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A Nightmare from Friday to Halloween - Halloween (1978)

The three most prominent American horror franchises (Halloween, Friday the 13th, and A Nightmare on Elm Street) have influenced American cinema even beyond the horror genre. As of 2021, there are exactly 31 movies across all three franchises, and I am going to attempt to watch all of them, for this Halloween, one per day.



Halloween is not groundbreaking because of its originality. Black Christmas, which had come out four years earlier, would be an acknowledged influence on this film. Halloween gets credit for breaking the illusion of the safety of suburbia, but Alice, Sweet Alice beat Halloween by a year. What really distinguishes Halloween is how it takes all those influences, from earlier proto-slasher movies to giallos, and puts it into a well-crafted and chillingly effective piece of art. Shots like the early POV from young Michael’s point of view are so part of our film grammar that Halloween can seem derivative to viewers who may be coming to it after being exposed to modern horror movies.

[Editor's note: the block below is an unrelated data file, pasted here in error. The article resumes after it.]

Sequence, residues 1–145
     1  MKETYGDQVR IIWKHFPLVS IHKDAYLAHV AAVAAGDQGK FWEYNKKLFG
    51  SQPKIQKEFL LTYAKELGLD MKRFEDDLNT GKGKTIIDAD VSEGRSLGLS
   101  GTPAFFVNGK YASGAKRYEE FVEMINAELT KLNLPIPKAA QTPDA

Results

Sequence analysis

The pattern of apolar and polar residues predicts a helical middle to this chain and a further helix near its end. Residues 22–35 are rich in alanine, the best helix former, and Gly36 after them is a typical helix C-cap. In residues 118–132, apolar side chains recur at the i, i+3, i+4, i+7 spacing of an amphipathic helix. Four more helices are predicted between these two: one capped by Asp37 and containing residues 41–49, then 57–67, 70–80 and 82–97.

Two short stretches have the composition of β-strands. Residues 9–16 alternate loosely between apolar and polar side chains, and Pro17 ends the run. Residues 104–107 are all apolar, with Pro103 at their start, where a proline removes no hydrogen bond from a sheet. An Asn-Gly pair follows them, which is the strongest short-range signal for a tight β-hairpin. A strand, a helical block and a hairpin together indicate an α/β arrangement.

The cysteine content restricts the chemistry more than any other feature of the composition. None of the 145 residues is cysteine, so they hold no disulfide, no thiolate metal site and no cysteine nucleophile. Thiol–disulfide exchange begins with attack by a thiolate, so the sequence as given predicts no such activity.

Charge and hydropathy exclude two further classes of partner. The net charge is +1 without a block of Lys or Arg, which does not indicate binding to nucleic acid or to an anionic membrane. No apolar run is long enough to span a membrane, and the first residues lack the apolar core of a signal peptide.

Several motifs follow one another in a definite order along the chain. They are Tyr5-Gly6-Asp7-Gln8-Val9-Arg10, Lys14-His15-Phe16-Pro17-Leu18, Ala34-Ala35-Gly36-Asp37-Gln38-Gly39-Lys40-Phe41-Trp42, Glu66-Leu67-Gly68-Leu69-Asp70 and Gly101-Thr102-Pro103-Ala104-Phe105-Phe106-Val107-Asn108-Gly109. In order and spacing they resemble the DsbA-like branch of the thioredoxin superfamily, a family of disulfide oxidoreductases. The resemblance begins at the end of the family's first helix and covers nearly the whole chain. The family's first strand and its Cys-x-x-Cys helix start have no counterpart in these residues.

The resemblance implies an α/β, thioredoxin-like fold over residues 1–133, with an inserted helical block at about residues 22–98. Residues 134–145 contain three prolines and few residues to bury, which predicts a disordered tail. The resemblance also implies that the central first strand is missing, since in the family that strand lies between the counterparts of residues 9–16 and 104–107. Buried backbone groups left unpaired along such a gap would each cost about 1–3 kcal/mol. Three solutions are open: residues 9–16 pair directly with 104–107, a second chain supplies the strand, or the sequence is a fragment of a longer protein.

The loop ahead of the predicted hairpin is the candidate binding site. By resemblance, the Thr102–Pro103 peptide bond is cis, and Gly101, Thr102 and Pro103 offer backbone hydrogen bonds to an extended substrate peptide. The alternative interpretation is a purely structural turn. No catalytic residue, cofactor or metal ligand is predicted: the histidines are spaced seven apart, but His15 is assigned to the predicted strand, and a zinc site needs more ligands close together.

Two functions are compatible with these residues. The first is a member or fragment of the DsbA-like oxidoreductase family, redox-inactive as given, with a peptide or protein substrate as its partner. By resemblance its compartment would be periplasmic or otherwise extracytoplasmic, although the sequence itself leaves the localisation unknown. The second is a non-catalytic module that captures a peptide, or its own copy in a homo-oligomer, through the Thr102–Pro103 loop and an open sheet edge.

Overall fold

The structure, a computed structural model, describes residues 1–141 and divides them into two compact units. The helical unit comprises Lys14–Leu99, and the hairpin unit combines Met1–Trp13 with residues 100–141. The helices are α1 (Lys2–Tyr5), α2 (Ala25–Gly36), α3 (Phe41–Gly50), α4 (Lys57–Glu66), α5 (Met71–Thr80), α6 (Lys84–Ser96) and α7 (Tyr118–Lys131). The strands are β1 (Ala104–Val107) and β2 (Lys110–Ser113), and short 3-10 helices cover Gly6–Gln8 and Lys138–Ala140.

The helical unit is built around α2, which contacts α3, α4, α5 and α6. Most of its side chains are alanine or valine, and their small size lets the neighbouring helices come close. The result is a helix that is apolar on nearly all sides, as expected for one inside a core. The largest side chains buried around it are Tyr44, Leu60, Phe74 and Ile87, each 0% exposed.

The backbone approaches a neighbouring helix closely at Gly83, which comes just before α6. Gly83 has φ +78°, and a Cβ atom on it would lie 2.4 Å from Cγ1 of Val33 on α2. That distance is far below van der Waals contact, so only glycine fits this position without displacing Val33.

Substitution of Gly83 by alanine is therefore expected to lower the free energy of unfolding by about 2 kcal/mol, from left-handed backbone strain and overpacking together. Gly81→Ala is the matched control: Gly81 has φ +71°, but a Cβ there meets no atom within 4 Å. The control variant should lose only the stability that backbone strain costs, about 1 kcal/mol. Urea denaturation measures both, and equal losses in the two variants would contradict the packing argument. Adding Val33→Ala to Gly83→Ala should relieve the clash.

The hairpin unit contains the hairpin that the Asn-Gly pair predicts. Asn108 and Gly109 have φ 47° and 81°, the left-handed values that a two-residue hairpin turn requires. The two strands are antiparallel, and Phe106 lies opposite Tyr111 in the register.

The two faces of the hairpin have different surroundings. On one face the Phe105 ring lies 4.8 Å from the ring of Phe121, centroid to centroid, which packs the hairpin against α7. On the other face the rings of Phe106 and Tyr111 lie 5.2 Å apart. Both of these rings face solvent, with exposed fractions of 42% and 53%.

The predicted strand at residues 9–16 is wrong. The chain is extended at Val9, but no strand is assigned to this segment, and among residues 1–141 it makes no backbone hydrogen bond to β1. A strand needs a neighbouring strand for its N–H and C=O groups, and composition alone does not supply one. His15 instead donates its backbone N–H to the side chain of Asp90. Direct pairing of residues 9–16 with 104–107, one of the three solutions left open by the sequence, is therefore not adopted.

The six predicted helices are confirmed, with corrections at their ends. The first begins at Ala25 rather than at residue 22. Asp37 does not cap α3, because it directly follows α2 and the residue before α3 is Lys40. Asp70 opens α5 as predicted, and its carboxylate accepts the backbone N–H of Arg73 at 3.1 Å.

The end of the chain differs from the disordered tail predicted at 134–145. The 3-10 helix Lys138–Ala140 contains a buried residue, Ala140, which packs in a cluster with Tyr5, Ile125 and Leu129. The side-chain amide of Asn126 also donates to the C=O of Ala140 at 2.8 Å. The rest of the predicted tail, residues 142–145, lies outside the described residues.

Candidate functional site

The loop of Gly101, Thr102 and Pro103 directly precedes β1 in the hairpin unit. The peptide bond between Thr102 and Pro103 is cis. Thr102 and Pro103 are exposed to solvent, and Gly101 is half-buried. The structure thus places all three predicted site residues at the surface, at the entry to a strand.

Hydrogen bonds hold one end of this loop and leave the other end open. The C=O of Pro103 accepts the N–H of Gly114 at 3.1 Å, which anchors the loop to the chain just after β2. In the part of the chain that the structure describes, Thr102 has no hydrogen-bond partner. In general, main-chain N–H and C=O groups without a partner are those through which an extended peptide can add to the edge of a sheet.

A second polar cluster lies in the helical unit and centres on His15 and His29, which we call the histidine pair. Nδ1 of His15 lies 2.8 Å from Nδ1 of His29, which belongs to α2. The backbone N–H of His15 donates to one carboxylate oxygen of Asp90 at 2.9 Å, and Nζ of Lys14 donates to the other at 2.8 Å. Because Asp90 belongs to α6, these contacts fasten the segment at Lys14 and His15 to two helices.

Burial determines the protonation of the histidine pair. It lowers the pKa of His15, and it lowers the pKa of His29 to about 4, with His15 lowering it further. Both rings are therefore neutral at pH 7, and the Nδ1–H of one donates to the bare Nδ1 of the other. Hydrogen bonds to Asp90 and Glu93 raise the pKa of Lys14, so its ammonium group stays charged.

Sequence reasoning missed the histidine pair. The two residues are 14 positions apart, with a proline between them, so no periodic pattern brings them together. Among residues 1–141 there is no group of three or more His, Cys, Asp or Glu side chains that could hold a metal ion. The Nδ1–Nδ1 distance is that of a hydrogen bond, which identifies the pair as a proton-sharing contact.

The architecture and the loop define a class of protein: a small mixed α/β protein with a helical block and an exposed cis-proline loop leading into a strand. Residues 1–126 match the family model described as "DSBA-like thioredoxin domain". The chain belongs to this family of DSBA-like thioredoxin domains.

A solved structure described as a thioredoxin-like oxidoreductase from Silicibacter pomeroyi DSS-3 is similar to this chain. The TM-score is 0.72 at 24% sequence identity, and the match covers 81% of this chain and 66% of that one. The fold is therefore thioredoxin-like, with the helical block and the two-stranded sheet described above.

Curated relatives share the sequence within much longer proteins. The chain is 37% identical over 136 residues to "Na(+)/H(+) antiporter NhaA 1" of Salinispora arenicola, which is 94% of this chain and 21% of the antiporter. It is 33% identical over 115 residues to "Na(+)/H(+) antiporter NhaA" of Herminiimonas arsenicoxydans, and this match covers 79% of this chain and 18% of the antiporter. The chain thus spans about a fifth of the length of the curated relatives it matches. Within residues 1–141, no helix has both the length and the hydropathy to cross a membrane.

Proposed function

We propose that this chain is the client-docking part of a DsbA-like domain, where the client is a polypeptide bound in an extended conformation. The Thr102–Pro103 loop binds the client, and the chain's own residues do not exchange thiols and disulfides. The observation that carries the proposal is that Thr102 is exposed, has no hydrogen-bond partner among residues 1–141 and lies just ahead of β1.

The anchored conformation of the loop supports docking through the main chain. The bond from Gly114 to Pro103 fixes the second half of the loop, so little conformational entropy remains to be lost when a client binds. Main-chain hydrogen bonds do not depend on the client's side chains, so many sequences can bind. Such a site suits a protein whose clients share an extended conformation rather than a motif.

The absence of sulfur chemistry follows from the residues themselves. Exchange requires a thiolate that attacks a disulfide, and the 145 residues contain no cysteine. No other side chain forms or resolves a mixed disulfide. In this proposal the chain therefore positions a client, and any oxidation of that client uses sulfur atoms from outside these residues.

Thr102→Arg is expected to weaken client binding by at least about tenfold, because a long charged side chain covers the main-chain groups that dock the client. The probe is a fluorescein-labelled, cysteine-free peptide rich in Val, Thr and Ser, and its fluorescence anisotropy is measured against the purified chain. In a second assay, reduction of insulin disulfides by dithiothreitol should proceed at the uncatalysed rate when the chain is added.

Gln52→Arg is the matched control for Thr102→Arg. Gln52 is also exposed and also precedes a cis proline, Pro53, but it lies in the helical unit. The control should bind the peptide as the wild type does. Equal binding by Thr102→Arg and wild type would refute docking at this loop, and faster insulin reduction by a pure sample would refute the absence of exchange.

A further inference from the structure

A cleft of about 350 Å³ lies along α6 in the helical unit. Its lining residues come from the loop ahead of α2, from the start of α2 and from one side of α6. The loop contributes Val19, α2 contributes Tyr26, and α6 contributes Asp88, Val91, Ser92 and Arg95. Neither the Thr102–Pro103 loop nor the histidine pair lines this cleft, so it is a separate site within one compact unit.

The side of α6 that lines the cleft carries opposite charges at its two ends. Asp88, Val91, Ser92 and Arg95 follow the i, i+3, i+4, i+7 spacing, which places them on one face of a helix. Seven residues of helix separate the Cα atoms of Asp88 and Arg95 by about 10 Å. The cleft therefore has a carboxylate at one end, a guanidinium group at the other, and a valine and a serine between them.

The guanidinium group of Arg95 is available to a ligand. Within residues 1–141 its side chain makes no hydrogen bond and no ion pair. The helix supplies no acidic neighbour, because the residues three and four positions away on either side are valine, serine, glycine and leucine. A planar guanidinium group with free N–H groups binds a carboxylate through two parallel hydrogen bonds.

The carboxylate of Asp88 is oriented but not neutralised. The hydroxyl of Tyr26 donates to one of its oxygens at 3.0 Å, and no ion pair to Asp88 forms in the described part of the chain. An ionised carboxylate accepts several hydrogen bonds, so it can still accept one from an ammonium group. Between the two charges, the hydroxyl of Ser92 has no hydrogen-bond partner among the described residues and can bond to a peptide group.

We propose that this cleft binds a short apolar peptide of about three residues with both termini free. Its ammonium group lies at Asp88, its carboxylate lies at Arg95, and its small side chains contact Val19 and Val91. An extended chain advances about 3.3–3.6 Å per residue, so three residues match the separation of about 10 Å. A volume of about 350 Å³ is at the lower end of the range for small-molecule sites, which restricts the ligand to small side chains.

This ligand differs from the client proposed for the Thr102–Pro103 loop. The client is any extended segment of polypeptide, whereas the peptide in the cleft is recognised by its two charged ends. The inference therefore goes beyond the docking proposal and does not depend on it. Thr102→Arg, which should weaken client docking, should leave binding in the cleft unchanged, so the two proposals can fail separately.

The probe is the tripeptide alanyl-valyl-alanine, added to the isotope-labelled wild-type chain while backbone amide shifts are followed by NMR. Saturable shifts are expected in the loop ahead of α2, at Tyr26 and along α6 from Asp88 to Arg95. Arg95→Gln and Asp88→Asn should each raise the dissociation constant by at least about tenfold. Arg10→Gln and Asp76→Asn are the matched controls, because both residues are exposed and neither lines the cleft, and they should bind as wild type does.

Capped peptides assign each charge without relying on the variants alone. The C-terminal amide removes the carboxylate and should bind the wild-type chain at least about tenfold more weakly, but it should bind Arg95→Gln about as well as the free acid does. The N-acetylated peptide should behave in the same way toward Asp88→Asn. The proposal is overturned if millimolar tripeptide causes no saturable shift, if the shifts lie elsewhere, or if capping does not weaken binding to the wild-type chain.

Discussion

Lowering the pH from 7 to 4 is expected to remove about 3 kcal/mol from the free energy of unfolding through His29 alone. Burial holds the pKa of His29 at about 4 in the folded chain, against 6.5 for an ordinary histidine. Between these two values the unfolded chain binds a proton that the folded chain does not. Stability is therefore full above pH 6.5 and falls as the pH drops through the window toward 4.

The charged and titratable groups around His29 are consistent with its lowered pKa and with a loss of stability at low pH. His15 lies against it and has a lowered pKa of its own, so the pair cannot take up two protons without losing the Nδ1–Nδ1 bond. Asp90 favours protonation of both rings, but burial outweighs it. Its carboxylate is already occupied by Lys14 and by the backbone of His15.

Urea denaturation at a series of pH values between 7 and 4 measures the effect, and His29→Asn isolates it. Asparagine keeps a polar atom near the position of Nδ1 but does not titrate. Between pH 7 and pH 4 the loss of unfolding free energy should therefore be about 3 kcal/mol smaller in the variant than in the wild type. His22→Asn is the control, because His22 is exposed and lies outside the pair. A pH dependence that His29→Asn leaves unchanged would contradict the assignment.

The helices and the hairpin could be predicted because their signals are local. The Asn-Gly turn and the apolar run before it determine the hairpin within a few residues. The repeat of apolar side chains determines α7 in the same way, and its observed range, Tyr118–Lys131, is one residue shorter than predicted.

It also sometimes get blamed for perpetrating some of the tropes that made horror increasingly stale and problematic, such as the puritanical attitude towards sex and the inherent misogyny and sexism of many slashers. Yet one of the great behind-the-scenes collaborators of Carpenter was producer Debra Hill, who actually worked with the young actresses to develop their characters and make themselves more believable, especially Laurie Strode (Jamie Lee Curtis). This collaboration is also why Laurie Strode is still one of the most famous “final girls.” No one really remembers the final girls from the numerous sequels to the other two franchises I will be watching, but Curtis is still getting invited back to continue the Halloween franchise. It is her bravery and her willingness to protect others that makes her stand out and her performance complemented by the artistry that Carpenter and his team brought to the film cement this in cinema history.


P.S. This was filmed in my hometown. My high school was often called the Halloween school, and I think it was mostly because our colors were orange and black (our mascot was a tiger), but my high school is literally featured in Halloween, and I have walked by the Halloween house near Mission many times without knowing what had happened there, which feels strangely appropriate, since what is Michael Myers but the bogeyman and an urban legend?